Mr. Putin’s risible declaration that “Russia has never been and will never be ‘anti-Ukraine,’ and what Ukraine will be – it is up to its citizens to decide,” is about as believable as Hitler’s promises at Munich to Neville Chamberlain and Edouard Daladier, in response to which they gave away Czechoslovakia to buy themselves peace. We can surely draw parallels between Crimea and Donbas and today’s politicians lecturing brave Ukrainians fighting for their lives and their country about giving away sovereign territory to secure a five-minute phony peace deal.

Since 2014, even before the depredations of Mariupol, Bucha and the rest, some 14,000 Ukrainians had already been killed, with the illegal occupation of Crimea and Donbas merely a curtain-raiser.

The incremental encroachments and annexations could not have been clearer writing on the wall. The terrible body count attests to that. The Moscow-based newspaper Moskovsky Komsomolets rightly portrayed Mr. Putin’s essay as his “final ultimatum to Ukraine.” The invasion should have not come as a surprise.

Russia’s diminished standing

Since February, the Kremlin’s rhetoric has morphed from the pretext of “protecting” Russian speakers to portraying their “special operation” as existential – with Russia’s enemies hell-bent on its destruction.

Reports on Russian fatalities vary between 15,000 and 35,000 soldiers dead – including a reported 12 Russian generals. Whatever the number, military and political leaders must surely be recalling that mothers and wives turned public opinion against the Russian wars in Chechnya and Afghanistan.

Russia is now a diminished power – and undoubtedly humbled – but it would be absurd to underestimate its ability to dig in for a protracted conflict or to learn from why it failed to achieve its objectives.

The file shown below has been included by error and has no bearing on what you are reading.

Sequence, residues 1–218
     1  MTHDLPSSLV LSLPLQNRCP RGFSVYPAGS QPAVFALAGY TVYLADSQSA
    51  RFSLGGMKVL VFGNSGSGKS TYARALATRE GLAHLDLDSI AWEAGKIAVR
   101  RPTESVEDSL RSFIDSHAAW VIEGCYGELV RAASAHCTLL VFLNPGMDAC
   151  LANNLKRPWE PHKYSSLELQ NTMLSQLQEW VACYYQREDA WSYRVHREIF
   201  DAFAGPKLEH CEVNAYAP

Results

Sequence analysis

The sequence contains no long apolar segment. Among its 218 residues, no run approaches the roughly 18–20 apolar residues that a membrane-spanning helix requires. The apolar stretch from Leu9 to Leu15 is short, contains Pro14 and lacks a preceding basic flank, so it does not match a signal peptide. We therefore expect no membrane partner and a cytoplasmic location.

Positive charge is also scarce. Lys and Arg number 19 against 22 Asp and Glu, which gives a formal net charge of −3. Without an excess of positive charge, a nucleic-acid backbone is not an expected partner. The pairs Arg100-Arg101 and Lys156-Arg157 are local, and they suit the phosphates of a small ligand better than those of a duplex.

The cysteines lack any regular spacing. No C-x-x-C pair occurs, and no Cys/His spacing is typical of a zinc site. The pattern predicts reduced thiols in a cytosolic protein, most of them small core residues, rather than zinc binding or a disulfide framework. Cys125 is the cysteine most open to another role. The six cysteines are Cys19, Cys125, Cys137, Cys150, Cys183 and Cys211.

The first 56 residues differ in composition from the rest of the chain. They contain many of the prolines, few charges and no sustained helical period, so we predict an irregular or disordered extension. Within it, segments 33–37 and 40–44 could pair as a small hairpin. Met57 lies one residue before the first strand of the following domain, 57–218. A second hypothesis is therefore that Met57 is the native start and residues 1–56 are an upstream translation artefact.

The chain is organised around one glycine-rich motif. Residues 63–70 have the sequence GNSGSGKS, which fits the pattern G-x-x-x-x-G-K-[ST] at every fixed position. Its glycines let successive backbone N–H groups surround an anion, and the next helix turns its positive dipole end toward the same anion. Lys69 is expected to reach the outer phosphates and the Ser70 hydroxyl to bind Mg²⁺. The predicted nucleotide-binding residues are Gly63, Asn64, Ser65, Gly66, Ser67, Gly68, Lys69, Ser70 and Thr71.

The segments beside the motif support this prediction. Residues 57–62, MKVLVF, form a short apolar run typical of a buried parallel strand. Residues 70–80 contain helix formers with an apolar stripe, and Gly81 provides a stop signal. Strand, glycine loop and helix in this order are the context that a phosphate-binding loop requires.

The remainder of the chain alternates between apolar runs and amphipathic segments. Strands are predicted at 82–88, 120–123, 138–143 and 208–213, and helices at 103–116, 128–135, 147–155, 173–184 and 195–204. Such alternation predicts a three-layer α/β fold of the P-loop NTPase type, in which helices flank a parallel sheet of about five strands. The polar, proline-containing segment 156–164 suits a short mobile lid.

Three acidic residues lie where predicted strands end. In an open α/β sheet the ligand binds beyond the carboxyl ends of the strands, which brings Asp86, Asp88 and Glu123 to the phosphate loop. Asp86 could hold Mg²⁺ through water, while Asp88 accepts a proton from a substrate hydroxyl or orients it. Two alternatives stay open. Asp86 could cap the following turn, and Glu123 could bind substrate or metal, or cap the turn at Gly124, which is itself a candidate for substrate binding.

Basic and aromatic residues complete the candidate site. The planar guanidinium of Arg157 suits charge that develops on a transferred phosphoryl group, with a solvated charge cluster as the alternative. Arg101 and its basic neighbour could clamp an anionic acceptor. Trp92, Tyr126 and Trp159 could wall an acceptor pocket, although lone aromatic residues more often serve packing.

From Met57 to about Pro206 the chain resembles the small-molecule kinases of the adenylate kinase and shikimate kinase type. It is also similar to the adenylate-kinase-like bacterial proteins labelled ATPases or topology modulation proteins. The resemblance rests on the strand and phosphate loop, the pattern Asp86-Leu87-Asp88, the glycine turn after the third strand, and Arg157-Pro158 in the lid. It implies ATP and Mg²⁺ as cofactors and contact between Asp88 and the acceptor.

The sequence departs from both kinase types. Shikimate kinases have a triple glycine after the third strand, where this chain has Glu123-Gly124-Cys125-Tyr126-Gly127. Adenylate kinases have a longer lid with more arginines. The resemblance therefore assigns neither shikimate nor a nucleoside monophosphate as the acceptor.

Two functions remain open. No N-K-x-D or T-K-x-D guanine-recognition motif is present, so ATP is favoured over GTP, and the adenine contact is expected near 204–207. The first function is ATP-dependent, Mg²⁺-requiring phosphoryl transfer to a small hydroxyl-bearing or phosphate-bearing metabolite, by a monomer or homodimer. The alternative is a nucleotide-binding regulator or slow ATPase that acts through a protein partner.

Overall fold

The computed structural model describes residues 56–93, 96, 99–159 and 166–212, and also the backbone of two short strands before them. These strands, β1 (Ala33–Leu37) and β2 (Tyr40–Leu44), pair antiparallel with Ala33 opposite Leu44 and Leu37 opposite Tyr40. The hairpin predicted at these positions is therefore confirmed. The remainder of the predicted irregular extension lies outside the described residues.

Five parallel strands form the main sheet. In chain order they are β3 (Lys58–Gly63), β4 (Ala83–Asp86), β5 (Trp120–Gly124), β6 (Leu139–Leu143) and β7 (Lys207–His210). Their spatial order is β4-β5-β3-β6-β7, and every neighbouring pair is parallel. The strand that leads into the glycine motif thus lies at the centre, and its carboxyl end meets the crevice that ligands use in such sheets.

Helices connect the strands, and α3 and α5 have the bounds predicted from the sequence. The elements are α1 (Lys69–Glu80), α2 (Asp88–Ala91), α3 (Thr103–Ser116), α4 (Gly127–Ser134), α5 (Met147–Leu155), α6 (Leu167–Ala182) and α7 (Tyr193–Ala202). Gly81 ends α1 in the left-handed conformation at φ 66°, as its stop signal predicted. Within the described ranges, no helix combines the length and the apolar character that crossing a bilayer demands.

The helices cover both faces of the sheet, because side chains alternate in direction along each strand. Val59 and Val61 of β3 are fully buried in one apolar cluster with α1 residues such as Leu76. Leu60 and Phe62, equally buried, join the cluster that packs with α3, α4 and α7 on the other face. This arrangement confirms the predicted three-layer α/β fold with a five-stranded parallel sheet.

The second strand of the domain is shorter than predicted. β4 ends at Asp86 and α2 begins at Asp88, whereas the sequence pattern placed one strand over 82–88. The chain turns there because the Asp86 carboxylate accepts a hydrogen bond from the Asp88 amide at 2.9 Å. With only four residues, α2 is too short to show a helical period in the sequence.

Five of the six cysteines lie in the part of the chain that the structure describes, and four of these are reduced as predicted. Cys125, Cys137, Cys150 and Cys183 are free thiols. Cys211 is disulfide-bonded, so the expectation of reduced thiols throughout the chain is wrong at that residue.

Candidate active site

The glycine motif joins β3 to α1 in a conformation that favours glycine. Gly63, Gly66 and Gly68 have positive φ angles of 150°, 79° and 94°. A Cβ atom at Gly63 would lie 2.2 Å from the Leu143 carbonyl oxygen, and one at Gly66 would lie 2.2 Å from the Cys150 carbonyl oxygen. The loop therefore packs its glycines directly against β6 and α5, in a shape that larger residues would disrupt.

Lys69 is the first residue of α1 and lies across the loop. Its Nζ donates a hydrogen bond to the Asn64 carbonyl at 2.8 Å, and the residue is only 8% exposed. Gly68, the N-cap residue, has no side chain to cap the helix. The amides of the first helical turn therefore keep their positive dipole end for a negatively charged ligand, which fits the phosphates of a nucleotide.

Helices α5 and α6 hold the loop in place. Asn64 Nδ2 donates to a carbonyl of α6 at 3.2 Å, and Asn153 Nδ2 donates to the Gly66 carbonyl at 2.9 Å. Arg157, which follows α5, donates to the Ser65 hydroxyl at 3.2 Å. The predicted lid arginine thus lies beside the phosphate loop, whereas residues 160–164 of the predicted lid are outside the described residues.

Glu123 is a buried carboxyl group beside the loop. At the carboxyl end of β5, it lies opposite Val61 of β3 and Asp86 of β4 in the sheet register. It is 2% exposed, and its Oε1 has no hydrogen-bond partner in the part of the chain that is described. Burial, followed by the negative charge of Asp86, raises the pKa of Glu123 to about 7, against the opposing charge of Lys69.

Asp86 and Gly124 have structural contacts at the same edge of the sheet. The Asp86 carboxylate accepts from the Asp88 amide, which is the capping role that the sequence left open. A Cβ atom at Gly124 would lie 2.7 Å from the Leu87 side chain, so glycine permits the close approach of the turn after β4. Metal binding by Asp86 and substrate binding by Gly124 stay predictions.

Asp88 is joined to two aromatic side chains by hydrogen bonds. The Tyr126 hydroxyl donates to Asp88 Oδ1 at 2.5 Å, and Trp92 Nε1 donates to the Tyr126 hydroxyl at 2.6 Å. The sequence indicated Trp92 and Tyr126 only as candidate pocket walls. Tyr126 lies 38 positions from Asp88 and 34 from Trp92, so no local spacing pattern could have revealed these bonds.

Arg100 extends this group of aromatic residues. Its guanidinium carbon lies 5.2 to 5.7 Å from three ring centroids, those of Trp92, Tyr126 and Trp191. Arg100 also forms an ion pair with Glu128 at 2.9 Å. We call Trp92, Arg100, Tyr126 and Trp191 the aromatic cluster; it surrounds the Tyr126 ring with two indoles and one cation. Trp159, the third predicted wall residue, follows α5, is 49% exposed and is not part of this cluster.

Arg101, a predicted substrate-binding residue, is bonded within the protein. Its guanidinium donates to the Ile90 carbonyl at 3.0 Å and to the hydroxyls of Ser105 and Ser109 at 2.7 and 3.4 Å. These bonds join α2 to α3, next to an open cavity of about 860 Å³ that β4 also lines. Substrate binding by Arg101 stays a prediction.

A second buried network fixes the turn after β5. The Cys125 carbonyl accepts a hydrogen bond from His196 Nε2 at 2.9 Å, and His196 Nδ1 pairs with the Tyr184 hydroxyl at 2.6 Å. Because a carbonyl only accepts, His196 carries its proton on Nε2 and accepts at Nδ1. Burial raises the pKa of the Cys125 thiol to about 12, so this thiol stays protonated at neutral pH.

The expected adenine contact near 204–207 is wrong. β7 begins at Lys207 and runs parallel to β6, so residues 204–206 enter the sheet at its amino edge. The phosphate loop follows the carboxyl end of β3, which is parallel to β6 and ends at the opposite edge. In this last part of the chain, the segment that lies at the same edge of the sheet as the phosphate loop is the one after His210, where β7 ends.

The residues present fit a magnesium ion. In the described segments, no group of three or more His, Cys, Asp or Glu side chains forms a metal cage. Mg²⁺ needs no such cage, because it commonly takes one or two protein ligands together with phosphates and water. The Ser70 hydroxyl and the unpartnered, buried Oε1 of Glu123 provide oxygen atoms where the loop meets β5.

Of course, this was a very different outcome from the one which President Putin appeared to believe would happen.

There was no lightning campaign, no swift occupation of Kyiv and no flowers laid in the streets by jubilant cheering crowds lining the streets to welcome Russian heroes liberating their Ukrainian towns and cities.

As the Kremlin has slithered down the snakes and Kyiv climbed the ladders, it has done Russia profound damage and radically altered the world’s view of both countries.

Russia is now a diminished power – and undoubtedly humbled – but it would be absurd to underestimate its ability to dig in for a protracted conflict or to learn from why it failed to achieve its objectives.

The regrouping of Russia’s forces in eastern Ukraine under the command of General Alexander Dvornikov suggests that one lesson has been learned – the need for a more unified command. If Russia is undefeated, it will reinforce and persist with heavy shelling and demoralizing missile attacks, perhaps for years and decades to come.

A key question must surely be whether discontent among Russian military and political leaders could lead to President Putin’s removal. Mr. Putin believes he and Russia – which he increasingly sees as synonymous – are too big to fall. But we have seen such mistaken hubris before. Good Russian soldiers may have already seen the signs of self-deification and be considering what to do about it.

If the Russian military does not remove Mr. Putin and remains wedded to the war, they will have to brace themselves for a long and grueling fight. Things may have gone badly for the Russians – but it is where the battle goes next that will count.

Saving Odesa and the Black Sea

For Ukraine and its allies to be decisive, there will need to be a new focus on the defense of Odesa and a strategy for the Black Sea, ensuring that Russian naval superiority (notwithstanding the sinking on April 14 of the Moskva, the flagship, or Russia’s Black Sea Fleet) does not lead to a landlocked rump state.

Nor should we forget what President Putin has done before. Chechnya and Syria: the use of local proxies, the bombardment and pounding into the ground of whole cities and towns with overwhelming military force. Think of Aleppo. Think of Grozny – which became a city of cellars inhabited by the elderly led by a compliant puppet government.

Then think of the barbaric onslaught of Mariupol and the siege of the Azovstal steel plant where besieged Ukrainian soldiers and civilians endured weeks in its catacombs. Mr. Putin has thought nothing about the criminality of unleashing wave after wave of death, destruction, and damage – including attacks on 400 hospitals and medical centers – killing civilians in railway stations and children in schools – mining fields and slaughtering animals.